Insurance companies that want to be rated contact A.M. Best and pay a fee to be rated, which covers primarily administrative costs. Andrew Edelsberg, vice president in A.M. Best's life/health ratings division, says that the fee does not influence A.M. Best's rating of an insurer: "I’m an analyst, so it doesn’t matter to me if a company pays $1 or a $1 million to be rated," he says.

Edelsberg explains, "We form an opinion built on careful analysis of a company's financial information. We also interact with management to best understand all the risks of its business."

"To gain insight into the company’s future, we listen to calls, meet with management, and follow the news of the day on a regular basis to determine what that might mean to the companies we rate," says Edelsberg. A.M. Best updates ratings at least every 12 to 36 months, or as events occur that could influence a company's finances. Edelsberg notes that not every event requires a ratings change. For example, a small lawsuit against a company and a fine by the National Association of Insurance Commissioners may not be significant enough to merit a ratings review.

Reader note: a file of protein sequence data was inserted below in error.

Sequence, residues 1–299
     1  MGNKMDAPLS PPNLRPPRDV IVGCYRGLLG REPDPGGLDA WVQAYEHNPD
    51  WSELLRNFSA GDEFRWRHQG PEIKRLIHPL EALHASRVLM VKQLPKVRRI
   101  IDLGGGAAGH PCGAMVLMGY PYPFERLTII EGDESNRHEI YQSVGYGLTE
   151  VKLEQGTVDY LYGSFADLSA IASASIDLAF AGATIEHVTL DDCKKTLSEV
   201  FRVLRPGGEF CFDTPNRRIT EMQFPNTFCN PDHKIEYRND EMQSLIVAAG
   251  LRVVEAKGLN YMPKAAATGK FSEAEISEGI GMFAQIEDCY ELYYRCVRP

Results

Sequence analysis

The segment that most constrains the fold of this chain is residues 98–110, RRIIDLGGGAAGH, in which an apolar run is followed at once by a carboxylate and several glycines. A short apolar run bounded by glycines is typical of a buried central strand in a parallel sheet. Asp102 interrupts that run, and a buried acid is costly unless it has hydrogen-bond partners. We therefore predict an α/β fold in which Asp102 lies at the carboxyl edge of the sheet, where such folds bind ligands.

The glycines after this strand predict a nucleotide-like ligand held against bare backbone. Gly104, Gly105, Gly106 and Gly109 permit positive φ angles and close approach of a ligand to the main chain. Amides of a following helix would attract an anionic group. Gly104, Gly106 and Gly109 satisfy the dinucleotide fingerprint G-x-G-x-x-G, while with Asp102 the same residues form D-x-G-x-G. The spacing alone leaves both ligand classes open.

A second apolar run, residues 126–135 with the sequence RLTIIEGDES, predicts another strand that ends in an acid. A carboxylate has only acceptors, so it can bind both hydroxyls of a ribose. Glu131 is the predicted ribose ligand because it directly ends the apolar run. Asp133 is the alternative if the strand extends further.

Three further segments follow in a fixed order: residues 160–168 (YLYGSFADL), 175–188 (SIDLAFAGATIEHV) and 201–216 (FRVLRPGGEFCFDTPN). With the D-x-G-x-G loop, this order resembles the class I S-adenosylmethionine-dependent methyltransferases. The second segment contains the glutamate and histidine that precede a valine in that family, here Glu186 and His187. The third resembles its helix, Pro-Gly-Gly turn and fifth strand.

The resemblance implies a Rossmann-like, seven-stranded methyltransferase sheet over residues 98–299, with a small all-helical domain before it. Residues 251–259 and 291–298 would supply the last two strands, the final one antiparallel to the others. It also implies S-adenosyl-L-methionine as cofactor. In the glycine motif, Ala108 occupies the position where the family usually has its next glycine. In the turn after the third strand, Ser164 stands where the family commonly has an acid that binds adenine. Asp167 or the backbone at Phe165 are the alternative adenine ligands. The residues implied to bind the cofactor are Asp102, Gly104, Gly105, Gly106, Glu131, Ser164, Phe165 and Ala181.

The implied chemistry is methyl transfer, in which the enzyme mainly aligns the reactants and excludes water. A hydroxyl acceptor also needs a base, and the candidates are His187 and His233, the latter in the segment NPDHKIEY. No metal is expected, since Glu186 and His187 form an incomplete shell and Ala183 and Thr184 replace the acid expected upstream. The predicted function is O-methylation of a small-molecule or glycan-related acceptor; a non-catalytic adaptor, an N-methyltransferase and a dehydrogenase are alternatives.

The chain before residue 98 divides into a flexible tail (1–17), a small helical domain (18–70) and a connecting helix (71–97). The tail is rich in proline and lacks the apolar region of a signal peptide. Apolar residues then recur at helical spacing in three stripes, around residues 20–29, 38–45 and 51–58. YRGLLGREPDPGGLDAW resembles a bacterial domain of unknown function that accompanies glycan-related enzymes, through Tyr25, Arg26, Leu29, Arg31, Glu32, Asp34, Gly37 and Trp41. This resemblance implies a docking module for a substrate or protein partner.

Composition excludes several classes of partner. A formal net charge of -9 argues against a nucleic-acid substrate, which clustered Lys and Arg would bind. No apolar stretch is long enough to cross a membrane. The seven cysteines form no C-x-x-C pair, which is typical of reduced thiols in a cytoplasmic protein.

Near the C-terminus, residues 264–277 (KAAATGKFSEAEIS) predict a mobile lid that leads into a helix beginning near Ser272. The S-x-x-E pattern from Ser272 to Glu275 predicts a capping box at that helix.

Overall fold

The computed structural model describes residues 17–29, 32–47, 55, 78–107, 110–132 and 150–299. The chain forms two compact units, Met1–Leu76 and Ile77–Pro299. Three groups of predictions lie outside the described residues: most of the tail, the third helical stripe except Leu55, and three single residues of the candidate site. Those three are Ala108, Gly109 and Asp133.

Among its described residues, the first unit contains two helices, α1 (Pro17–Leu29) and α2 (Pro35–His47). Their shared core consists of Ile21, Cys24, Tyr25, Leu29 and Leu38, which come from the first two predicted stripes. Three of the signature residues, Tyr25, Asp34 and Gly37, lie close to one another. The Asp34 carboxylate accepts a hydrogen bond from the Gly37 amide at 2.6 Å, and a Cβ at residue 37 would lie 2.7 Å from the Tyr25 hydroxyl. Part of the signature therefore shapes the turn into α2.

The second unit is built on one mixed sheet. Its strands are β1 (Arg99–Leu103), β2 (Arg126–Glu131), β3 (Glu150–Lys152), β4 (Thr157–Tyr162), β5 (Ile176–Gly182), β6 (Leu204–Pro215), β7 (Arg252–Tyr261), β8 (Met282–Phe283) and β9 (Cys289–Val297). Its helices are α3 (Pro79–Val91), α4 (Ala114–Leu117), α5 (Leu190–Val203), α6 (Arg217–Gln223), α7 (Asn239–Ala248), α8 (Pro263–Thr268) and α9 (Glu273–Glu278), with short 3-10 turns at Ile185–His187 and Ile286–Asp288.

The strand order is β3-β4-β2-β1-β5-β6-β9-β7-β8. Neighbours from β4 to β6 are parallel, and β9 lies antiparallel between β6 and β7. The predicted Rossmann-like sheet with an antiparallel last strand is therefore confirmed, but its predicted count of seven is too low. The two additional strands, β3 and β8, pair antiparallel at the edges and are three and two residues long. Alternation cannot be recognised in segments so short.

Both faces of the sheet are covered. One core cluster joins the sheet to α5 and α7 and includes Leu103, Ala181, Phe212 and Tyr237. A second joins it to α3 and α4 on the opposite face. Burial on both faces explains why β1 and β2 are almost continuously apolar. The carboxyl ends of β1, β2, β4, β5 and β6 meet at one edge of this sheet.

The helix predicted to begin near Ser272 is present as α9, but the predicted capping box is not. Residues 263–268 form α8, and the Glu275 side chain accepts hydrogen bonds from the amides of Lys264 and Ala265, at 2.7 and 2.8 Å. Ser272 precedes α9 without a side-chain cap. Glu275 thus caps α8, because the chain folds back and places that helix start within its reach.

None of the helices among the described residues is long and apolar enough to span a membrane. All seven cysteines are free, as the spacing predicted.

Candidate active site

Not every insurer ends up happy with its rating. "No one wants a bad review," he says. "Our rating is an opinion based on over one hundred years of analyzing companies. Some companies feel that their ratings should be higher, but keep in mind we are objective when we approach this because it’s an opinion. The best way to prove us wrong is to make improvements where needed to perform better the next time. We would tell them this: 'We think this is risky, so if you reduce your exposure this should help your rating.'"

You can search A.M. Best's ratings on its site and also purchase insurer reports that show company history and market share. Insure.com includes A.M. Best ratings in its annual Best Life Insurance Company customer satisfaction ratings.

When you're buying a life insurance policy, Edelsberg suggests that you first consider companies that have a secure rating such as A+.